Dora Charleston: Thank you, Benson.
Jamesir Bensonmum: No, no, no, no, no… Bensonmum. My name is Bensonmum.
Dick Charleston: Bensonmum?
Jamesir Bensonmum: Yes, sir. Jamesir Bensonmum.
Dick Charleston: Jamesir?
Jamesir Bensonmum: Yes, sir.
Dick Charleston: Jamesir Bensonmum?
Jamesir Bensonmum: Yes, sir.
Dick Charleston: How odd.
Jamesir Bensonmum: My father’s name, sir.
Dick Charleston: What was your father’s name?
Jamesir Bensonmum: Howard. Howard Bensonmum.
Dick Charleston: Your father was Howard Bensonmum?
Dora Charleston: Leave it be, Dickie. I’ve had enough.

There are some other great photos in this series, so stay tuned to Photobooth Journal for more posts.

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photoboothactorArotce

Here is another one of a series of photobooth adorned file cards from a Parisian acting agency. I had previously thought that all the photos in the series were from the 1960s, however the seller has told me that some come from the 50s as well. This one looks to me to have a definite 50s feel to it.

Each card shows an actor in a pose which they hope will entice someone to give them work. Along with Rose Marie Arotce’s address and telephone number on the front of the card, there are details listed on the back. Rose Marie’s height in metres is recorded as 1.68.  She was a model (not surprising due to her height, sophisticated style and beauty) and also a comedienne. I am very impressed that she is listed as a comedian, as even now it is a difficult field for a woman to work in. I imagine it would have been much harder some 60 years ago. The abbreviation GRC appears on this card and some of the others. I have still not worked out what it might be short for.

None of the actors, in the cards I procured, ever made it big in the acting profession, however I have set myself the task of searching IMdB to discover if any of my new photobooth friends worked at all in film and televison.

If you would like to see some of the other cards in this series, please click here.

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photoboothHenriGilbert

This is Henri Gilbert. He is looking for acting work in roles such as;

  • the romantic lead
  • a creative yet misunderstood, young (insert type – artist, writer, architect) trying to make his way in the world
  • a studly surf life-saver
  • an agile song and dance man

He has been waiting all his life for his big break. He doesn’t realise he grew old whilst waiting.

This is one from a group of file cards from a Parisian acting agency. The back of the card is blank. According to the seller, none of the actors in the cards I procured, ever made it big in the acting profession. The ones that did, were too expensive for me to buy!

There are some wonderful photos in this series, so stay tuned to Photobooth Journal for more updates

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photoboothJacquesBrieulle

Jacques, the aspiring actor, had a pretty mean hairdo and moustache. I wonder if this was perceived as cool and rebellious in 1960s France? I imagine him being cast as the cool younger side-kick of some streetwise old con man. Or as a jazz musician. Both generally had the same unsalutary reputations, so either/or will do.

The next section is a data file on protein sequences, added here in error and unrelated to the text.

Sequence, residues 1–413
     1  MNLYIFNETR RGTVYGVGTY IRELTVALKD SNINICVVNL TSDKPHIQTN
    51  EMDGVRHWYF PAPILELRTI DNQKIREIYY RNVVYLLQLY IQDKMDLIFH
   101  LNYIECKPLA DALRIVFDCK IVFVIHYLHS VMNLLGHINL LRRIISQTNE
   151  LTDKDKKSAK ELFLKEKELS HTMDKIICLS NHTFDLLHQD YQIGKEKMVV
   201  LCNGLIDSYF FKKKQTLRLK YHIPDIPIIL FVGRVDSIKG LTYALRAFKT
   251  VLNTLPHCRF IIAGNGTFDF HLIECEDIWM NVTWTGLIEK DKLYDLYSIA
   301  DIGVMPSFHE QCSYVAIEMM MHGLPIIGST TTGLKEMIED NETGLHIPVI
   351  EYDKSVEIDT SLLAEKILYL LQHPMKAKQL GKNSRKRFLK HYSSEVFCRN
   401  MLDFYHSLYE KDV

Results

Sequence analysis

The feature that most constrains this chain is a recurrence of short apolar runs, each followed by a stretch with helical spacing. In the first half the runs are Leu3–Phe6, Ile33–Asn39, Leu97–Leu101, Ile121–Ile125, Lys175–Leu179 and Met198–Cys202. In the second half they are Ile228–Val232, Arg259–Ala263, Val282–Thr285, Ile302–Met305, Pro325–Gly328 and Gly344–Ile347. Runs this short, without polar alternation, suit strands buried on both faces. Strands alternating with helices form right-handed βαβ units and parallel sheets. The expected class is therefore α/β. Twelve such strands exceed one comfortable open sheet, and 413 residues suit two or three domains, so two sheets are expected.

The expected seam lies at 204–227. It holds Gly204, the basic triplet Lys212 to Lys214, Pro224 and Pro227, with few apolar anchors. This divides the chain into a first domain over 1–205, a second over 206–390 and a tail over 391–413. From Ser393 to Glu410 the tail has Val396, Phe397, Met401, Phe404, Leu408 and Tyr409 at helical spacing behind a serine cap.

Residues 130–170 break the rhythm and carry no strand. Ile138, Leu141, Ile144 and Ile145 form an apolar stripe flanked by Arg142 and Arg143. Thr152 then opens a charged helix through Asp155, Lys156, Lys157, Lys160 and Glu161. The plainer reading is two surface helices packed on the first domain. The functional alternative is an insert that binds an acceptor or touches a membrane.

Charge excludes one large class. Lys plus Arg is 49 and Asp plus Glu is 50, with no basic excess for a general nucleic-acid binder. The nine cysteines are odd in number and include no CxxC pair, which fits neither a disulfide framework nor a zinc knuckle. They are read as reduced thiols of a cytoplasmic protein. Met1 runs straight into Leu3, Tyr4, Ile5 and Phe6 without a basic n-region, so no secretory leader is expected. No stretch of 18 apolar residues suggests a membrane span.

This is another one of a series of file cards I have from a Parisian acting agency. The photos in the series are mostly from the 60s. Each card shows an actor in their best actory/actorish pose. Most show the applicant’s address and telephone number. The back of this card is totally blank, so one wonders if Jacques ever inquired why he never got any work?

None of the actors, in the cards I procured, ever made it big in the acting profession. The ones that did, were too expensive for me to buy!

There are some more great photos in this series, so keep watching for more updates!

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photoboothheleneBOUIX

Hi! I’m Helene, Helene Bouix! You might remember me from Don’t Worry, We’ll Think of a Title. I was the ditzy blondeNo? Well, I also had a speaking role as the (dead) flaxen side-kick in The Ghost in the Invisible Bikini. Oh, you’re not familiar with that one? Okay then. Hmm. Oh, yes! I was recently cast as the platinum bombshell in The Incredibly Strange Creatures Who Stopped Living and Became Mixed-Up Zombies!!?. Oh, you didn’t catch that either? Never mind. I want work with your agency. I feel I may be getting type-cast.

This is one of a series of file cards from a Parisian acting agency. The photos in the series are all from the 1960s. Each card shows a young actor in their best Hollywood pose (à la française, bien sûr!!), along with their address and telephone number. The back of this card shows Helene’s height in metres (1.66), the year of her birth (1924) and GRC. I have no idea what that could stand for. Anyone out there have an idea? For some reason it also needed to state that she is blonde. Oh, really?

None of the actors, in the cards I procured, ever made it in the acting profession. The ones that did, were too expensive for me to buy!

There are some great photos in this series, so stay tuned to Photobooth Journal for more updates!

  • All titles in this post are from genuine 1960s movies.

photoboothHeleneBOUIX